The percentage of the world’s population aged 65 or older will soar to 16.4 percent in 2050 from 6.9 percent in 2000, according to a white paper submitted and approved at Tuesday’s Cabinet meeting.
The fiscal 1999 white paper on the aging of society, reported by Management and Coordination Agency chief Kunihiro Tsuzuki, also says the graying of society will rapidly accelerate in developing countries, including South Korea and China.
The paper emphasizes Japan’s role as an “advanced country” because of the rapid pace at which its population is aging, and calls on Japan to extend cooperation to other countries grappling with the various problems associated with the aging of society.
As of last Oct. 1, elderly citizens in Japan totaled approximately 21.19 million, accounting for 16.7 percent of the entire population, up 0.5 percentage point from a year earlier, according to the paper.
As of 1995, Sweden had the highest percentage of elderly in the world, with them accounting for 17.6 percent of the population. The paper warns that Japan will surpass Sweden in the beginning of the 21st century.
The white paper points out that Japan will be witnessing the aging of its population on an unprecedented scale.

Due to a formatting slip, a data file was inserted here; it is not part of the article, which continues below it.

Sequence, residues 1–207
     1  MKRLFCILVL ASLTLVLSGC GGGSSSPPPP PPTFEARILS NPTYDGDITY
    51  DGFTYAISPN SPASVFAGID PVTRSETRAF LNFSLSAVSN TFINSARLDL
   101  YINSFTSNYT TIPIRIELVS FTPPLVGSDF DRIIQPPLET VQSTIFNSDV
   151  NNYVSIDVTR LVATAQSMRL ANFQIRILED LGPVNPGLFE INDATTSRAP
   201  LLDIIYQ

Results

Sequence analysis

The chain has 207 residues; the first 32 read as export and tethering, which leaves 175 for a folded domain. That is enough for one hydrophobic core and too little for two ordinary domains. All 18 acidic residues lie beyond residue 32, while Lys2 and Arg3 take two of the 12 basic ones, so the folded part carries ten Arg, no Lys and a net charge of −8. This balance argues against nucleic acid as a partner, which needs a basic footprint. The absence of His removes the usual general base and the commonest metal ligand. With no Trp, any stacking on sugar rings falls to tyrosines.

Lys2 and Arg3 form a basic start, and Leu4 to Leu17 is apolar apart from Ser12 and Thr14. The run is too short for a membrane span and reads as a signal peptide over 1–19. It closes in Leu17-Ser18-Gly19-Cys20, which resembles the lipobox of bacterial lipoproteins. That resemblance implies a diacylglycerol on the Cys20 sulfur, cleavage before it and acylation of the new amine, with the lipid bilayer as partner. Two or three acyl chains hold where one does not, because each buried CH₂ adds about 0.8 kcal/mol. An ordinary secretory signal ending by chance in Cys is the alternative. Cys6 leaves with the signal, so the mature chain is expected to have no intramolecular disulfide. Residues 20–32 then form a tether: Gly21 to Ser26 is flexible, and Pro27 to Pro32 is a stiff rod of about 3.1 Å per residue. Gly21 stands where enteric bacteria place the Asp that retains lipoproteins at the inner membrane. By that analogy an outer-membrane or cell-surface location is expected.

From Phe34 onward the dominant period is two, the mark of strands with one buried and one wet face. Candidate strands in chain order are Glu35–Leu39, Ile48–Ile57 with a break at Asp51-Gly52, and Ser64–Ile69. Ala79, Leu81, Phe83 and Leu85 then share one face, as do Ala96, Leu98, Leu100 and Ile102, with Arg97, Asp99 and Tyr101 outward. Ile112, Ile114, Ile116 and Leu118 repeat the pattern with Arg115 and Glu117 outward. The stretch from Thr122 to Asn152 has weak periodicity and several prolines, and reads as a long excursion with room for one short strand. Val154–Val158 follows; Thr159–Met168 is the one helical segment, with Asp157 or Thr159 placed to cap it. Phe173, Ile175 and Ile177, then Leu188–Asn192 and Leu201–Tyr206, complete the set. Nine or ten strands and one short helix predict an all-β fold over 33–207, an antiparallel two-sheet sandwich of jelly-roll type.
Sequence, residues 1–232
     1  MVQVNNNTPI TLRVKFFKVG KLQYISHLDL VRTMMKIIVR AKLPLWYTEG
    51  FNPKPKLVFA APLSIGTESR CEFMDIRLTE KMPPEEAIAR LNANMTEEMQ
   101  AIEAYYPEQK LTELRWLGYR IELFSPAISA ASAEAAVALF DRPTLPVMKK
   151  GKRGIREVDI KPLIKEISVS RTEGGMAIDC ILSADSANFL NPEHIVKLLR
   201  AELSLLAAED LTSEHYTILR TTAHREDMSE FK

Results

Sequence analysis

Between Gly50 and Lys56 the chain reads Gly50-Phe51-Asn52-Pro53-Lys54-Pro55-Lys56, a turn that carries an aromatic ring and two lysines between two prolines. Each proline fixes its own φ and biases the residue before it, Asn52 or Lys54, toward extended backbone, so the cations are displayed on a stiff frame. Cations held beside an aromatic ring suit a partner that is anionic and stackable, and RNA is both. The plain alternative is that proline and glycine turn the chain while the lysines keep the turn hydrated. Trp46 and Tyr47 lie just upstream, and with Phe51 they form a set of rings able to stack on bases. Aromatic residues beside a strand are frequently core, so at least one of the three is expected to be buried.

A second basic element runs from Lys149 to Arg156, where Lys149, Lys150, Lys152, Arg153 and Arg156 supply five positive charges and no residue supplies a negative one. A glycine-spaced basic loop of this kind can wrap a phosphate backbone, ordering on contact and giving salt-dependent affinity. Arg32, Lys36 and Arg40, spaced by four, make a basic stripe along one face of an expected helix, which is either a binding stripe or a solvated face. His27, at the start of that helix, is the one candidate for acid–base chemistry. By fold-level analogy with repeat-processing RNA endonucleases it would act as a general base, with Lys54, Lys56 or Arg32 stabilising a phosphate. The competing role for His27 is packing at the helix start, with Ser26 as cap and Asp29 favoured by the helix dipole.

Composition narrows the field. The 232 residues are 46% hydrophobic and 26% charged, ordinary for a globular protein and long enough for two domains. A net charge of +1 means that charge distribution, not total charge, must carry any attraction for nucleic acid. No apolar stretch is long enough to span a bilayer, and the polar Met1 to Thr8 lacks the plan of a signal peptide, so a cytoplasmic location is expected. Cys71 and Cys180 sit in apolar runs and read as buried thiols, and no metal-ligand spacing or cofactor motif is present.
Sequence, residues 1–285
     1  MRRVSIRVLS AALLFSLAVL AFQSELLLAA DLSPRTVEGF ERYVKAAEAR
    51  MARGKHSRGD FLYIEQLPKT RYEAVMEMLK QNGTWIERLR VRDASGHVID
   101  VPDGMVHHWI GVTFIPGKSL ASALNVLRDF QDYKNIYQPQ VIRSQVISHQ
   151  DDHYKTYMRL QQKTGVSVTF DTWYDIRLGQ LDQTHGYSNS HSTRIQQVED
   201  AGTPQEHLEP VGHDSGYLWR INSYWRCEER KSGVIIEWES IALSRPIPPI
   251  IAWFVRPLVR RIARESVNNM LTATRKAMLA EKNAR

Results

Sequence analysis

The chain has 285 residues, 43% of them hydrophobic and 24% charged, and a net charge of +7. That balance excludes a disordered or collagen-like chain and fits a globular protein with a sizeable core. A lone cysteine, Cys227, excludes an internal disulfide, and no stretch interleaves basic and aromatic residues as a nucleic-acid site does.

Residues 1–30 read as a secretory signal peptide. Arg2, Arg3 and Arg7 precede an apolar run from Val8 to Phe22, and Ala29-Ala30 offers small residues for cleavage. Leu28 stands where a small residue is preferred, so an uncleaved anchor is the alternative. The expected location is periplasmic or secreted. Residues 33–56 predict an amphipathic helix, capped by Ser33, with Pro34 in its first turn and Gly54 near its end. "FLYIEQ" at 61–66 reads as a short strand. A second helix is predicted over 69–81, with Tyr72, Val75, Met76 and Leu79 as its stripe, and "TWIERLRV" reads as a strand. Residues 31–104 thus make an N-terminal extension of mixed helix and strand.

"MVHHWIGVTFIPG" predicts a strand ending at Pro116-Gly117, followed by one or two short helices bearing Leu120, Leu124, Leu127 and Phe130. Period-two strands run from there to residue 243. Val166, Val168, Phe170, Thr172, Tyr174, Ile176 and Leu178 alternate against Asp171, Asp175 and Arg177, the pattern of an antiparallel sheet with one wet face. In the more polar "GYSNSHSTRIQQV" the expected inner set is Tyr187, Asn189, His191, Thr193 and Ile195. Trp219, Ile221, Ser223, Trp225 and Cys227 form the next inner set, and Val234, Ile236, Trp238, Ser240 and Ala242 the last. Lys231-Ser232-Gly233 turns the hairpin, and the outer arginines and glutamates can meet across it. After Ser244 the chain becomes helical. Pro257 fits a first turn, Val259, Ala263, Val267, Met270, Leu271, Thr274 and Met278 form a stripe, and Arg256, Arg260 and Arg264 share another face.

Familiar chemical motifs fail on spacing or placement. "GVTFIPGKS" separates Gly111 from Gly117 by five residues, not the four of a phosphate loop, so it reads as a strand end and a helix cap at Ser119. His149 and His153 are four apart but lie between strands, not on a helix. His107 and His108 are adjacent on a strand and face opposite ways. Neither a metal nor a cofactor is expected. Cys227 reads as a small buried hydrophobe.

It suggests that instead of treating the rapidly aging society as a burden, Japan should view this development as a chance to change society, and specifically proposes that people be permitted to work until the age of 65.
12 million Tokyoites
The population of metropolitan Tokyo has topped the 12 million mark, its highest level since statistics were first accumulated in 1956, the metropolitan government said Tuesday.
Metropolitan Tokyo’s population as of May 1 was 12,001,269, up 52,147 from a month before.
Women comprised 6,018,613 of the total, slightly more than men, at 5,982,656.
Tokyo’s population moved above 10 million in 1962, and hit 11 million five years later.
It took another 34 years for the population to increase another million. Tokyo’s population began falling in 1987, but started rising again in 1997.
The increase in recent years has been attributed to a decrease in the number of people moving out of Tokyo. The number of those moving into Tokyo from other prefectures, at least 400,000, has remained constant, according to statistics.